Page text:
The United States and the European Union reached an agreement on Saturday to scrap tariffs on European steel and aluminum imports, a dispute that has damaged trade relations between Washington and Brussels since the administration of former President Donald Trump imposed the taxes.
US Commerce Secretary Gina Raimondo announced this “historic” agreement that “will maintain certain tariffs but allow limited amounts of European imports of steel and aluminum to enter the United States duty-free.”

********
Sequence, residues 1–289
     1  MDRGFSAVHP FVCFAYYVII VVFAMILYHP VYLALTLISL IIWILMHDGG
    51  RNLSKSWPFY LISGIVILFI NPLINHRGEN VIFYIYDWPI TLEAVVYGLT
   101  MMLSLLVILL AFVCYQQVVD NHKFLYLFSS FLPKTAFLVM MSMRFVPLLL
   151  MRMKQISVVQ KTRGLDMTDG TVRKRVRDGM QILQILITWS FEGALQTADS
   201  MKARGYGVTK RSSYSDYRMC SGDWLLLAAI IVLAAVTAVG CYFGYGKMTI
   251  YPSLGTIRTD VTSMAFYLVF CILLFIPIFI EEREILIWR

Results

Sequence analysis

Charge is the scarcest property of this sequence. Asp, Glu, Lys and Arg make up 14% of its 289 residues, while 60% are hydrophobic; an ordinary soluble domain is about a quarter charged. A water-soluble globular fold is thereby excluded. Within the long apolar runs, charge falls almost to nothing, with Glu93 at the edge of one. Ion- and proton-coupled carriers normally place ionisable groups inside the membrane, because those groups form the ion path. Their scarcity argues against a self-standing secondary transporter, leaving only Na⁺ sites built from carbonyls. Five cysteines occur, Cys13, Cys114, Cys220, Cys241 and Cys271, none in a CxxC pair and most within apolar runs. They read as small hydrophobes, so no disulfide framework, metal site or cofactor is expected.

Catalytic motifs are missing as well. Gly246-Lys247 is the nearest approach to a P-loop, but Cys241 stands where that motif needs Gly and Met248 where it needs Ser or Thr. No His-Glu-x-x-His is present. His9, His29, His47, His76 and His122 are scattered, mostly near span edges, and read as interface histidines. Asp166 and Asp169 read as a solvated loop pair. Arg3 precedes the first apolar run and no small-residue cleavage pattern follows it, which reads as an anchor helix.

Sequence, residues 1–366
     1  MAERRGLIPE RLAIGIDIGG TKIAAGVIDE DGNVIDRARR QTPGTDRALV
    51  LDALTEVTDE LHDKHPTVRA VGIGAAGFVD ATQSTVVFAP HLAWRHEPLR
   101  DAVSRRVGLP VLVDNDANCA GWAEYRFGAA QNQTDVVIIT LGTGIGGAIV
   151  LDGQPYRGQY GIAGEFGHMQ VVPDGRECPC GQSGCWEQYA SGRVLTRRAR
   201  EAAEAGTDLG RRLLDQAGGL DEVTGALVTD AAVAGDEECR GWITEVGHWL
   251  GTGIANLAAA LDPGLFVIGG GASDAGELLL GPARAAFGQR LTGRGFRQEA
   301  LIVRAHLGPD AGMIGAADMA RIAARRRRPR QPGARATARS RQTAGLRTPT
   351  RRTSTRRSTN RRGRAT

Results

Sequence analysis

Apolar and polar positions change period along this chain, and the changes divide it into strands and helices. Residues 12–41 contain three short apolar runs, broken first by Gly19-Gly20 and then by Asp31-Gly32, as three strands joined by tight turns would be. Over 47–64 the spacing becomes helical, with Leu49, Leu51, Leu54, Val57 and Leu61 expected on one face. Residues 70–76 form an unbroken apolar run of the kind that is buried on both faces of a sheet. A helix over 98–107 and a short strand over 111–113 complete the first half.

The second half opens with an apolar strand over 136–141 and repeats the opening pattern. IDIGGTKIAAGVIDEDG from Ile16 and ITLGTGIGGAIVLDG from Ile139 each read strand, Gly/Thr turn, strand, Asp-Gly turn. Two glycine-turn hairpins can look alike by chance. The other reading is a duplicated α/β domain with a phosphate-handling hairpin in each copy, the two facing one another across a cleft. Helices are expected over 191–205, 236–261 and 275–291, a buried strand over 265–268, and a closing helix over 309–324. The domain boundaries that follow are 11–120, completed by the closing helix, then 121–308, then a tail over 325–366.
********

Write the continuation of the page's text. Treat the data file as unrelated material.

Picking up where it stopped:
Secretary of State Joe Biden’s administration said in Rome, where the G20 meeting is being held, that EU countermeasures that were due to come into effect on December 1 on products such as Harley-Davidson motorcycles and bourbon whiskey will not be implemented.
EU Trade Commissioner Valdis Dombrovskis said in a tweet, “We agreed with the US to suspend our trade dispute over steel and aluminum and launch cooperation for a global agreement on sustainable steel and aluminium.”
The dispute began in June 2018, when Trump imposed US tariffs of 25 percent on steel and 10 percent on aluminum imported from Europe, Asia and others on the pretext of the need to protect national security.